Go directly to recipe
I just heard our pointy-nose, German dog struggle up the stairs. Time to come up and nap in the warm office. She has arthritis in her back hips and, on these damp days, the stairs are a challenge.
Six years ago her vet in Andorra told us she shouldn't be allowed to go up stairs and that we had to stop taking her for walks in the mountains. We thought about it….and decided it would be kinder to just have her put down and be done with it.
Sedi loved her mountain walks. As soon as she saw the backpacks she started to spin in circles in excitement. After the first few walks we had to carry her into the house and she slept for 2 days straight, but she eventually got in shape…as did we humans.
Of course she walked further than we did. I was normally in the lead, which meant that she had to be in front of me. Mon mari was normally in the back, which meant that she had to constantly run back and check on him. She is a shepherd, after all and it was hard work keeping our group together!
That's when I learned that dogs can't always go where humans can. Oh I knew they couldn't go up ladders (that old 'lack of opposable thumb' bit) but I assumed they'd be able to navigate mountains and streams.
Dogs can't climb. On one walk we had to cross a large section of boulders about the size of cars. Sedi couldn't do it, even with help. She tried to follow me; oh how she tried. Front paws just don't have the gripping power of arms. Mon mari finally had to put her on a lead and take her back down.
Poor thing. He had to spend the rest of the morning sitting on a terrace at a mountain-side cafe, drinking coffee and reading; Sedi napping in the sun!
Dogs can't hop. Crossing streams normally wasn't a problem. While we humans hopped from rock to rock to get across and keep our feet dry, Sedi just waded through. But on one fine spring walk the rocks we were hopping across had an icy, cold, snow-melt lake on one side and a waterfall on the other.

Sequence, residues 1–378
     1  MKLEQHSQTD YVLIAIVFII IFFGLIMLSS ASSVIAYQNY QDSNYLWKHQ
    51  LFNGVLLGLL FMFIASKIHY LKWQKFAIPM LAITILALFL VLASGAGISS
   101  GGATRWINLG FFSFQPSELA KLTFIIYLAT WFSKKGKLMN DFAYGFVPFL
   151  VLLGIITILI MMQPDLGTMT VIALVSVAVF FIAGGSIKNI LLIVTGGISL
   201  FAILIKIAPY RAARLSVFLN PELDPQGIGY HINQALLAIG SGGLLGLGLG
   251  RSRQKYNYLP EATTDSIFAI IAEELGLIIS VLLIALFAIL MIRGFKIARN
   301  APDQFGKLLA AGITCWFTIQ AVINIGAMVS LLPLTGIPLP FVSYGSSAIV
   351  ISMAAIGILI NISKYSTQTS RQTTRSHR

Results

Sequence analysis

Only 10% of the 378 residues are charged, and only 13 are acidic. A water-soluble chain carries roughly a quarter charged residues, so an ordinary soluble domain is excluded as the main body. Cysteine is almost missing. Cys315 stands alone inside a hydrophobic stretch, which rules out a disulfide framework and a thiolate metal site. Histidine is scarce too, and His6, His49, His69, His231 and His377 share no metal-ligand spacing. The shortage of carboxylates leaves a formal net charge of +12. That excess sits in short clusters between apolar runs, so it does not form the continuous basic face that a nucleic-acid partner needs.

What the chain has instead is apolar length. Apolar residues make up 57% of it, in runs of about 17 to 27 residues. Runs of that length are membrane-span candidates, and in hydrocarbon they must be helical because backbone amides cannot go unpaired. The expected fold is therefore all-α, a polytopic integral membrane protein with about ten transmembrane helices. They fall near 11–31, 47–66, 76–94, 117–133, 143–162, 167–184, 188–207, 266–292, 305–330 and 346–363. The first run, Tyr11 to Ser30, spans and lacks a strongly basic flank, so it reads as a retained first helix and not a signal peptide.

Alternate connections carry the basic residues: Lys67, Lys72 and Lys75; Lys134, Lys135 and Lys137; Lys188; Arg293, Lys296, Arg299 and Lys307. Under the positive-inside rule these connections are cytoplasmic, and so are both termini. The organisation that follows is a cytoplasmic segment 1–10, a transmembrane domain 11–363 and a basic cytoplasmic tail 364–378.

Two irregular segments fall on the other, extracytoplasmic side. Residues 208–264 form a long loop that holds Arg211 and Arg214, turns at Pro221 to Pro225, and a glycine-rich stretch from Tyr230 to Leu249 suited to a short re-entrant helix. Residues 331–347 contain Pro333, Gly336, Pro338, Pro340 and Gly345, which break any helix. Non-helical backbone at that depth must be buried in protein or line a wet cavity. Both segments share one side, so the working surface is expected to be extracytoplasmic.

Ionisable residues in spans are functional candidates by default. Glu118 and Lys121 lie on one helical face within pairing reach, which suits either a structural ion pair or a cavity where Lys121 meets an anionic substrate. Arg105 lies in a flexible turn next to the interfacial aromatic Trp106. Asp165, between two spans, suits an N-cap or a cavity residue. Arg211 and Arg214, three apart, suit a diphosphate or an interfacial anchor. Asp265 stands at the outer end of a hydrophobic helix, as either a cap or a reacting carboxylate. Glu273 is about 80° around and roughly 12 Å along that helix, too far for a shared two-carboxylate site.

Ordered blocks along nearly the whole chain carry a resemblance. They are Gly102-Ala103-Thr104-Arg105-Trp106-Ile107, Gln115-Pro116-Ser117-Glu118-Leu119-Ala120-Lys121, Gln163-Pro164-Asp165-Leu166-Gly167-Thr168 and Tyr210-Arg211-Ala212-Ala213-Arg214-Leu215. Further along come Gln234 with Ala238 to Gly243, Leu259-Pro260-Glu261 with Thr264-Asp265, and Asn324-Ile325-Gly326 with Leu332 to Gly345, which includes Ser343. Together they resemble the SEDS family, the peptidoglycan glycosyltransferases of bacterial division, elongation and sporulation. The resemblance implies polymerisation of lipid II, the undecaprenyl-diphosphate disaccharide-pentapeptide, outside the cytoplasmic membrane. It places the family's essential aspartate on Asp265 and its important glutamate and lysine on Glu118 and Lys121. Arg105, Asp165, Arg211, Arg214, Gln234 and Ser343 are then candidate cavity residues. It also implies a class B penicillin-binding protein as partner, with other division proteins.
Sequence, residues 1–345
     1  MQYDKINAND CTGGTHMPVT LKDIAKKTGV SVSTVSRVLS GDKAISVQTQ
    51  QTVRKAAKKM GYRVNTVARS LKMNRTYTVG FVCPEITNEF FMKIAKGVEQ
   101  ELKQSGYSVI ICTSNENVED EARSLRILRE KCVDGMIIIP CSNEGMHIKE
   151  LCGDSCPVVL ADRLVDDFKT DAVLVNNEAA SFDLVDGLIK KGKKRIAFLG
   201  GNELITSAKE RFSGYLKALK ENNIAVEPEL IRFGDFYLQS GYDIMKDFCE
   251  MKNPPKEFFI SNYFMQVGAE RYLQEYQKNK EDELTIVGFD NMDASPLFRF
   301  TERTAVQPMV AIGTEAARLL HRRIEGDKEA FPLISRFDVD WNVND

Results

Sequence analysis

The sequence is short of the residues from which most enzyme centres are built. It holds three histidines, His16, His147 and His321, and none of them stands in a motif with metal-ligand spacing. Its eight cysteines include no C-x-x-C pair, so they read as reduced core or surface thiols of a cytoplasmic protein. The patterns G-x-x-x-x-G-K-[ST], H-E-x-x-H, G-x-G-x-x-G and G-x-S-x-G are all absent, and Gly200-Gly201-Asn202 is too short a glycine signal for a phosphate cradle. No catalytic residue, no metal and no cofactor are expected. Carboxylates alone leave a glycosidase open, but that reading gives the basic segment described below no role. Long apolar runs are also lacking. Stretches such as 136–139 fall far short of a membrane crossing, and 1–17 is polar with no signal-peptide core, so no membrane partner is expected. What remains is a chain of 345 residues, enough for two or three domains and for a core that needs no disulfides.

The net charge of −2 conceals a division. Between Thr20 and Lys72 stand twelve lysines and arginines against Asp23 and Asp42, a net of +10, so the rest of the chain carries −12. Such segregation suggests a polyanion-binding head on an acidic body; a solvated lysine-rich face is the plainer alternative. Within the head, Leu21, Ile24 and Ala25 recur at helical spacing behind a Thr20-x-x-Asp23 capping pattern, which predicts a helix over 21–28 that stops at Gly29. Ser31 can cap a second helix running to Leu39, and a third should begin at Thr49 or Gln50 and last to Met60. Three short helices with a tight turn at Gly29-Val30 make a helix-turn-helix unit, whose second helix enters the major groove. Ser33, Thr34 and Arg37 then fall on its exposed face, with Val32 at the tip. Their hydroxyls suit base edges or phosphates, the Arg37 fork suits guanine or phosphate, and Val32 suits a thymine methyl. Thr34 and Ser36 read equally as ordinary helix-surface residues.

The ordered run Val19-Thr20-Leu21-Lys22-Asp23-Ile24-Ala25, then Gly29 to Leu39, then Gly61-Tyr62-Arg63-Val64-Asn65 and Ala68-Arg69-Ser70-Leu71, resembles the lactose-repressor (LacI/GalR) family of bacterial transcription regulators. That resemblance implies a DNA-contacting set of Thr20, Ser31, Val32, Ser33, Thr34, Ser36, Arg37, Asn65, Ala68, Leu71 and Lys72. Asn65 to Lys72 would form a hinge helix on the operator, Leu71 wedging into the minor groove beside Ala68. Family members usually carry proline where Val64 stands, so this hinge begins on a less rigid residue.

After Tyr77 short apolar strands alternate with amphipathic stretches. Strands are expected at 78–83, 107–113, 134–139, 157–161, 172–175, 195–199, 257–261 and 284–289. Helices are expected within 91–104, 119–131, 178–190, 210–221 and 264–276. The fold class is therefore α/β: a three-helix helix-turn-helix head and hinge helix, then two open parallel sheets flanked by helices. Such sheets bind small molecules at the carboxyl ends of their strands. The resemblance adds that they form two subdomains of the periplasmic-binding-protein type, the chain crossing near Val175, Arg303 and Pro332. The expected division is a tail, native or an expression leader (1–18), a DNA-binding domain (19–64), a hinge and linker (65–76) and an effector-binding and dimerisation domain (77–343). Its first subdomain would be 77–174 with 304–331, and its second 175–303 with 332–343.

No place for a dog to walk. Where a human can stand on one leg while trying to figure out where to step next, a dog can't. Try picturing a dog with 3 paws on a rock the size of a teacup…
We had to get her across. We couldn't really go back the way we had come – going up was fine but it was too slippery to go down. (Another thing I learned walking in the mountains: going up is hard; going down is scary!)
I was on the opposite bank coaxing and poor Sedi was spinning and barking; afraid to go in the swirling water. Finally all of the humans lined up on the rocks, got secure footing, and mon mari shoved her in the water. Grabbing onto her collar and forcing her to swim, the humans handed her off to each other until she reached the other side, holding on so she wouldn't get loose and/or go over the waterfall. She thought it was great fun!
And the vet thought we should make her stay home….that would have been mean!
Our mountain walks were usually interesting; sometimes challenging, sometimes not; sometimes short (3 hours) sometimes not (6 hours). One thing remained a constant: whatever we had for dinner that night was always fantastic! The best meal of the week! Fresh air, exercise and hunger can do that!
This week we are in the midst of another Cabbage Commitment. More recipes to follow, but to start, for Presto Pasta Nights, founded and hosted by the clever Ruth, of Once Upon A Feast, I have one of our long-time favorite winter pasta dishes. The origins are lost in the mists of time….
Pasta with Cabbage, Sage and Sausage
8 – 10 oz sausages, pork, turkey…
1 medium onion
2 cloves garlic
2 cups shredded cabbage
2 tbs dried sage
or 15 – 18 fresh sage leaves
1 tbs paprika
1 tbs olive oil
1 can whole tomatoes, 15 oz (450 gr)
1 tsp Balsamic vinegar
1 1/4 cup pasta – penne, rigatoni, fusilli
Cook pasta according to package instructions.
Chop onion and garlic. Shred cabbage. Roughly chop tomatoes – reserving all juice. Slice sausages into 1/2" (1.25cm) pieces. Heat oil in large nonstick skillet over medium-high heat. Add paprika and sauté 1 minute. Add onion, garlic and cabbage and sauté 10 minutes or until starting to get tender. Add sausage and sage and sauté 5 minutes. Add tomatoes and their juices, turn heat to low and simmer 20 minutes or until cabbage is done. Stir in vinegar. Add pasta. Toss to mix well and serve.
(Isn't that a gorgeous bowl? Chris, of Mele Cotte surprised me with a marvelous package of goodies… and this beautiful dish. Mille merci, encore, Chris)
Emma (big white dog on a diet) is also regretting the lack of an opposable thumb. She knows where the dog food is stored, right next to her dish, actually. She watches me unlatch it every night. She watches me latch it. She cries….